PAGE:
Cheers to HRC and State Troopers

By Mark Segal of Philadelphia Gay News

The Human Rights Campaign's "Municipal Equality Index" is considered the gold standard in measuring how over 500 city governments provide services and welcome their LGBT citizens. One of the simplest questions for a city to gain points is, to me, one of the most important in the whole index: Does your city have an LGBTQ+ liaison or commission?

As the reports states: "an LGBTQ+ liaison to the Mayor or City Manager's office… is responsible for looking at city policies and services through an LGBTQ+ lens and speaking up when a policy or service might exclude LGBTQ+ people. This position is also known to be a friendly ear to constituents who want to bring LGBTQ+-related issues to the city government but are fearful they might be dismissed or misunderstood."

While the HRC survey is celebrating its 10th year, I'm lucky to have been at the birth of the vision that created that question about LGBT liaisons. It was in 1975, the first time that any elected official in the country was asked to create such a concept. I asked Governor Milton Shapp to create an LGBT commission to look into the issues faced by LGBT citizens in Pennsylvania. And I asked that the commission should have liaisons to each department of the state government.

What's more amazing is that Governor Shapp actually did it.

The Commission for Sexual Minorities was born, and at the table were representatives from each state department working side by side with people from the LGBT community. The commission worked on ground breaking issues for its time. Many of those issues - that now make up a majority of the questions on the HRC survey - were dealt with on a governmental level for the first time.

As reported in HRC's report, 99% of the municipalities with a 100% MEI rating have an LGBTQ+ liaison to the city executive. Those liaisons and commissions create change, and all of them stand on the shoulders of what was done way back in 1975.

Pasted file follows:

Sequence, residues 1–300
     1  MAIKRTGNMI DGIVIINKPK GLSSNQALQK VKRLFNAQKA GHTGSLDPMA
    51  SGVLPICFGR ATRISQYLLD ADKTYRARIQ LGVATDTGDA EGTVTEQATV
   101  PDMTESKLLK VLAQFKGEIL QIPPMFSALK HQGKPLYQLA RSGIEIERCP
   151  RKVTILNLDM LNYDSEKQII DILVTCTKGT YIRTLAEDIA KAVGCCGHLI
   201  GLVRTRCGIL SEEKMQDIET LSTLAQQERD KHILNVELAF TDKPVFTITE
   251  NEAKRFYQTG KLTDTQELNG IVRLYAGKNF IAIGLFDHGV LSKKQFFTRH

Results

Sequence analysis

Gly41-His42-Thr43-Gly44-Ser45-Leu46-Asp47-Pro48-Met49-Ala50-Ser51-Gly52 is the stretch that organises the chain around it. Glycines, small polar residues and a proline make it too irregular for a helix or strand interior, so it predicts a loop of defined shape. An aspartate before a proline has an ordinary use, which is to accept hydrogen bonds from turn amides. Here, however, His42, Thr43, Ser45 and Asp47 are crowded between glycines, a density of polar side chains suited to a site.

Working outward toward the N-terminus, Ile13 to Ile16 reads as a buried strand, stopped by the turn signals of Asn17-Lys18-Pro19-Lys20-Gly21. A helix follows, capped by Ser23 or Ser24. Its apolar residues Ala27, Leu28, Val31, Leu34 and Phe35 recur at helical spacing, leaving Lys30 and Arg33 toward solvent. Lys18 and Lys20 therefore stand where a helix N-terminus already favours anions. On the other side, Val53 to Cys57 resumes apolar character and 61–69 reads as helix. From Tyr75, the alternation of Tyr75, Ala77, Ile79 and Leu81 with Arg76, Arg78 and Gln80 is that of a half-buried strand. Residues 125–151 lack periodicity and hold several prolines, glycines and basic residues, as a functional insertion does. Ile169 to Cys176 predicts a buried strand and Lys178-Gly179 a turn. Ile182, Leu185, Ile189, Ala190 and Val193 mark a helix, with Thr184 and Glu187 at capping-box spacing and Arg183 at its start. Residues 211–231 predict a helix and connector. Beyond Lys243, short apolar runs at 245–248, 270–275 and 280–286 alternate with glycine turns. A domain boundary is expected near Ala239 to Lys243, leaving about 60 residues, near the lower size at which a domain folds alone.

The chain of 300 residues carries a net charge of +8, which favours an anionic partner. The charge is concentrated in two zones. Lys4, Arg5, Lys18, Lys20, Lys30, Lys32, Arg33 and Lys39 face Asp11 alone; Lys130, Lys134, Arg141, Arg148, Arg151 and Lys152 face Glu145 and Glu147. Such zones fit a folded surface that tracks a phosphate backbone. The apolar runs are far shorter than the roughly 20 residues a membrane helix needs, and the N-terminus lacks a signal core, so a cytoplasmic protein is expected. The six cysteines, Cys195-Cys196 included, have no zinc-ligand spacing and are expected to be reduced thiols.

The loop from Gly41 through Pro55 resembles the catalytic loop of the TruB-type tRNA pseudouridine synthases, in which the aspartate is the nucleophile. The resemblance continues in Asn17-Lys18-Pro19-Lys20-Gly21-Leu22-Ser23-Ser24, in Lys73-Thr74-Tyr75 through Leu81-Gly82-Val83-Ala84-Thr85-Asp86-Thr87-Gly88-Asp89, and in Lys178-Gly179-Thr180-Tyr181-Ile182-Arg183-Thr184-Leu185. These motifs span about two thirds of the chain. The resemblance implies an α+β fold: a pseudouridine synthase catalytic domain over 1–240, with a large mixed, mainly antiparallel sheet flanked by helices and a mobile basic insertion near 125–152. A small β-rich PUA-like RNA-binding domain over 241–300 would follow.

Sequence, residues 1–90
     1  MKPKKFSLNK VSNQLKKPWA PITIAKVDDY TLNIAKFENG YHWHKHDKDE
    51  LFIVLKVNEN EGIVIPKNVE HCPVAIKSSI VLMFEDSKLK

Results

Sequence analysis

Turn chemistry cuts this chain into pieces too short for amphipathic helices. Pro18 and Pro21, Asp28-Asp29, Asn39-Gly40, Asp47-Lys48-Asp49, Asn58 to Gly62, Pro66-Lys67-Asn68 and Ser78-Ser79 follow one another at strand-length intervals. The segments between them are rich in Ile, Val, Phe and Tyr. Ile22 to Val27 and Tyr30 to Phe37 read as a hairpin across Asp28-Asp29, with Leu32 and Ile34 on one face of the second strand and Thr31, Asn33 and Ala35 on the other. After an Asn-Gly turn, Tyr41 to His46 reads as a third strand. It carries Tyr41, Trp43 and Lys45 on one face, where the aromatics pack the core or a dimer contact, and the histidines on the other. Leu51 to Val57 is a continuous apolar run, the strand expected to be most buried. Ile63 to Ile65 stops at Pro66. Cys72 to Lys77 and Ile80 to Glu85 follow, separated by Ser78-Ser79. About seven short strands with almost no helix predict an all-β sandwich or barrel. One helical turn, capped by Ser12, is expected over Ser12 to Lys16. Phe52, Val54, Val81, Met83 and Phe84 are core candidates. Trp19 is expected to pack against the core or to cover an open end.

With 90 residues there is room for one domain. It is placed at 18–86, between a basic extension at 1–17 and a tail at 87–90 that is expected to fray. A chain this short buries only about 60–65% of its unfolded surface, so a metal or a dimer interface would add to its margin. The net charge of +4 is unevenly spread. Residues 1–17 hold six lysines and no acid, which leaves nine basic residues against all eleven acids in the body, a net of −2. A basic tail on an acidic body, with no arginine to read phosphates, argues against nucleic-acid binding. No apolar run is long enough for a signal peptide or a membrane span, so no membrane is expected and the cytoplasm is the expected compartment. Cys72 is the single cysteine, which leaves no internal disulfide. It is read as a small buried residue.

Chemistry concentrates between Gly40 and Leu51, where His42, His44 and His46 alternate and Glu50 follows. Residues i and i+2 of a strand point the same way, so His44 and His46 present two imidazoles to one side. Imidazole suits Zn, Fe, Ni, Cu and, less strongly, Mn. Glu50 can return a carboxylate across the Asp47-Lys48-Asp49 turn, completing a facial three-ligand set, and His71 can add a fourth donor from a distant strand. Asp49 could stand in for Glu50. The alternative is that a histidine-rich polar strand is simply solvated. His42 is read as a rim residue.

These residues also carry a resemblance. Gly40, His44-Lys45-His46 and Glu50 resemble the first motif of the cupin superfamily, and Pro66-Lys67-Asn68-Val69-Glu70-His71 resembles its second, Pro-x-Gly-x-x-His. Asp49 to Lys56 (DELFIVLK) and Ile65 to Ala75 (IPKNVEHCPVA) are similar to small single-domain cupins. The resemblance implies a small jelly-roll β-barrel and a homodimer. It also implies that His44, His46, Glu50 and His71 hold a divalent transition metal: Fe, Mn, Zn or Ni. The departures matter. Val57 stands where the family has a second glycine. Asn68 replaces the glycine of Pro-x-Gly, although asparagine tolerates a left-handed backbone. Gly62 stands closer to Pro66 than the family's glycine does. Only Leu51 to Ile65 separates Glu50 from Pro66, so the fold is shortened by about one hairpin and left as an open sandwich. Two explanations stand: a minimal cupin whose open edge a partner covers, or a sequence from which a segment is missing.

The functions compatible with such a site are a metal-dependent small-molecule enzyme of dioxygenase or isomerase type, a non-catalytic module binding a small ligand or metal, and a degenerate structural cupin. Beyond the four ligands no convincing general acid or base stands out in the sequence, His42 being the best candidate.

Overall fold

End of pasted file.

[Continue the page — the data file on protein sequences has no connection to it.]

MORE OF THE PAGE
As our history is becoming more important and - in some unfortunate ways - revised, it's important to know our roots and the difficulties that were encountered to make change possible. The governor and those of us working with him for these changes in 1975 were criticized by the media statewide. We received threats. One of the threats I received from the KKK is now part of the LGBT collection at the Smithsonian in Washington. Legislators attempted to block the governor; newspapers ran editorials demanding that he disband the commission. We were asked (commanded) to appear in front of numerous legislative committees. But some of it was outrageously humorous. Colonel Barger, of the State Police, actually barged into Gov. Shapp's office and told him he would not obey his order and have homosexuals in the state police. A couple hours later I got a call from Lt. Gov. Ernie Kline asking me to be at the office of the police barracks the next morning to sign up to become a state trooper.

When I arrived I noted that the Governor's office had informed the media of what I was about to do. It was a circus, this gay man with long hair, think hippy style, dressed in jeans wearing sunglasses and a beat up brown jacket (which I still have) entering to sign up to be a police officer. After filling out the paperwork I went outside to meet a barrage of cameras and microphones being shoved in my face. At first I took it for laughs. Question number one was, "Mark you're a homosexual."

After that became clear, the reporter clarified the question: "Why would you want to be a state trooper?" I went for the obvious laugh and said "I like men in uniform." Then I added the also obvious point: "any citizen who can do the job should have the same right to be a state trooper or any other job in the state."

My vision was that creating commissions and liaisons created not only reach for the LGBT community but also a chance to be visible. To me visibility brings equality. Cheers to HRC on their appreciation of how liaisons and commissions can create change in a city and empower our community.

One final point. During that time in 1975, it became clear to me that other states should do the same. So I wrote to all 50 state governors, asking them to create LGBT commissions in their state. Around 20 governors responded, and were then sent to the various LGBT organizations in those states, starting the process for those communities. The visibility which began in Harrisburg grew from there.

Many of those states and cities began to create both commissions and liaisons which became the entrance point for many in our community to become appointed and elected officials, and that of course brought more visibility. Those individuals have and still are creating change, and they are all contributing to our equality. We owe a debt of gratitude to all of them.

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